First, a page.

Posted on February 13, 2017

The state of the world and the future of finance

Leading British economist delivers third annual lecture on financial inclusion


 Monday, 13th February 2017


KAY: “The state of the world is bound up in the future of finance.”

Leading British economist delivers third annual lecture on financial inclusion

“Kenya should not blindly adopt the Anglo-American finance model. Kenya should, instead, develop local financial solutions from the bottom up to meet its financial needs.” This clarion call was delivered by John Kay, one of Britain’s leading economists and author of the award-winning book Other People’s Money at the 3rd FSD Kenya annual lecture on financial inclusion on Thursday 9th February 2017.

Over 250 policymakers, industry players, regulators, lecturers, students, financial sector analysts, development practitioners and other guests gathered to hear Kay’s lecture titled, “Other people’s money: making finance serve the needs of the economy.” He emphasized that it is not always the case that the larger the financial system a country has, the more prosperous it is. Rather, “A country can be prosperous only if it has a well-functioning financial system.” Kay also noted that the objective of reform in the financial industry should be to restore priority and respect for financial services that meet the needs of the real economy. Kay who was on his first visit to Kenya remarked, “For me, financial inclusion is how far do we go in meeting the needs of the people I met on Monday,” during field visits to smallholder farmers in Ndenderu and to a savings group in Kibera.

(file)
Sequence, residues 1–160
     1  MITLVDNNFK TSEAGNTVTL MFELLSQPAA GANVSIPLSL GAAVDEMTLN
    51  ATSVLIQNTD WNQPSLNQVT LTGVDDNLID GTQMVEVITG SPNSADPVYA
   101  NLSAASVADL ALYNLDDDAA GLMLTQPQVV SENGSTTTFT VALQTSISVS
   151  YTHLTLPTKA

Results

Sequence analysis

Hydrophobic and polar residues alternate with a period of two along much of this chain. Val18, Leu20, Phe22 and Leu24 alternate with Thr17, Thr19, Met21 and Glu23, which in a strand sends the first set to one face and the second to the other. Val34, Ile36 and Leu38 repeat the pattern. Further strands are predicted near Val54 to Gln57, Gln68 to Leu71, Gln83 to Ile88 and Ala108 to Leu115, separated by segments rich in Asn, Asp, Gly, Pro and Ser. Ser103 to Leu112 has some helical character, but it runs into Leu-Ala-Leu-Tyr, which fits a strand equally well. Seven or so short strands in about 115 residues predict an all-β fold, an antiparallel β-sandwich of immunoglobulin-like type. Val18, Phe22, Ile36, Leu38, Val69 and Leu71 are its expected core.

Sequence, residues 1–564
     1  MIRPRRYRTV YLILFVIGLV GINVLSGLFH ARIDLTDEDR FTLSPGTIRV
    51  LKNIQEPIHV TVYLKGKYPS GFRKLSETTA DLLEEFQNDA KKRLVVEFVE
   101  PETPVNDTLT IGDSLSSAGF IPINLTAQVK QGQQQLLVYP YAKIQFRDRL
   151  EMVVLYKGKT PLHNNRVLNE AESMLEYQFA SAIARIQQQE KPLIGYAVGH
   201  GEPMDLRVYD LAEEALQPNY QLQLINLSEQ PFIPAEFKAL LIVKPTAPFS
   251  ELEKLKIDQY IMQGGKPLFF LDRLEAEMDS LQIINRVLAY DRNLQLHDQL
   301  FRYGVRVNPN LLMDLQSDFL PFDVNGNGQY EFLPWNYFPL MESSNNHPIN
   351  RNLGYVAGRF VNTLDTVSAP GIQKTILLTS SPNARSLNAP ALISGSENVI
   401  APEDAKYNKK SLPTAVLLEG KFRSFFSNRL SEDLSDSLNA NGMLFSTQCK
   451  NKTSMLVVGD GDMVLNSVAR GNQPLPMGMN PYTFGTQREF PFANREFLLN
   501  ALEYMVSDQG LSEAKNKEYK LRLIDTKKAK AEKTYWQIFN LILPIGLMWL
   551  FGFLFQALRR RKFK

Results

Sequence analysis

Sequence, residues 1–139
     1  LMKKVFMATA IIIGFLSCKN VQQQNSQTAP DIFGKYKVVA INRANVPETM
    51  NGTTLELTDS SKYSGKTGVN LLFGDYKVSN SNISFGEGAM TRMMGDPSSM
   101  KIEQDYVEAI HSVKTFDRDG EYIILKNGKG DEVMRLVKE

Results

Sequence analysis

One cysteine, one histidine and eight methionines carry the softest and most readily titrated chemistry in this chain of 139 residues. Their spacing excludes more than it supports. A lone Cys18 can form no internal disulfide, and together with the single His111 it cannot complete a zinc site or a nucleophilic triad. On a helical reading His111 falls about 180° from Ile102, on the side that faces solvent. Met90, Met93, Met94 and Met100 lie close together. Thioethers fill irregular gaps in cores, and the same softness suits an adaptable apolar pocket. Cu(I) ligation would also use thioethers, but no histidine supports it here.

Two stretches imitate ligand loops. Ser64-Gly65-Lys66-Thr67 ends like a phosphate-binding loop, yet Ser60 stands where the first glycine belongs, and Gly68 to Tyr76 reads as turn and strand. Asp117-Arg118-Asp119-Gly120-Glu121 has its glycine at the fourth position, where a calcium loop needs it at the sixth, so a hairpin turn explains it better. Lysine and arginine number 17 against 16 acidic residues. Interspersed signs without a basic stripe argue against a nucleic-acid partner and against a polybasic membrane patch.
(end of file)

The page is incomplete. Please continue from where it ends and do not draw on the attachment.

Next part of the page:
Kay also shared his perspective on financial sector regulation. He noted that the problem is not that we lack enough regulation, but that we have the wrong regulation. This has created a regulatory burden and caused the financial system to lose its core purpose. He further added that trust is foundational in finance and personal responsibility is key for building trust in institutions and successfully developing a sound financial system.

In his remarks following John Kay’s lecture, the Chief Guest Dr. Patrick Njoroge, Governor of the Central Bank of Kenya, noted that Kenya needs reliable networks and technology, cheaper devices and better financial solutions to ride on the rails of financial inclusion and reach the 25% of Kenyans that are still financially excluded. A lively question and answer session followed, with Kay pointing out that quite a number of fintechs are solutions in search of problems instead of meeting needs.

Kay’s address at the 3rd annual lecture was the centerpiece of a series of events hosted by FSD Kenya throughout the week. These included:

  • Monday 6th February – field visits to Ndenderu and Kibera and M-Pesa registration.
  • Tuesday 7th February – a forum with select business/financial journalists and columnists to discuss the role of the media in shaping financial public policy;
  • Wednesday 8th February – a roundtable discussion with key industry players on the future of finance;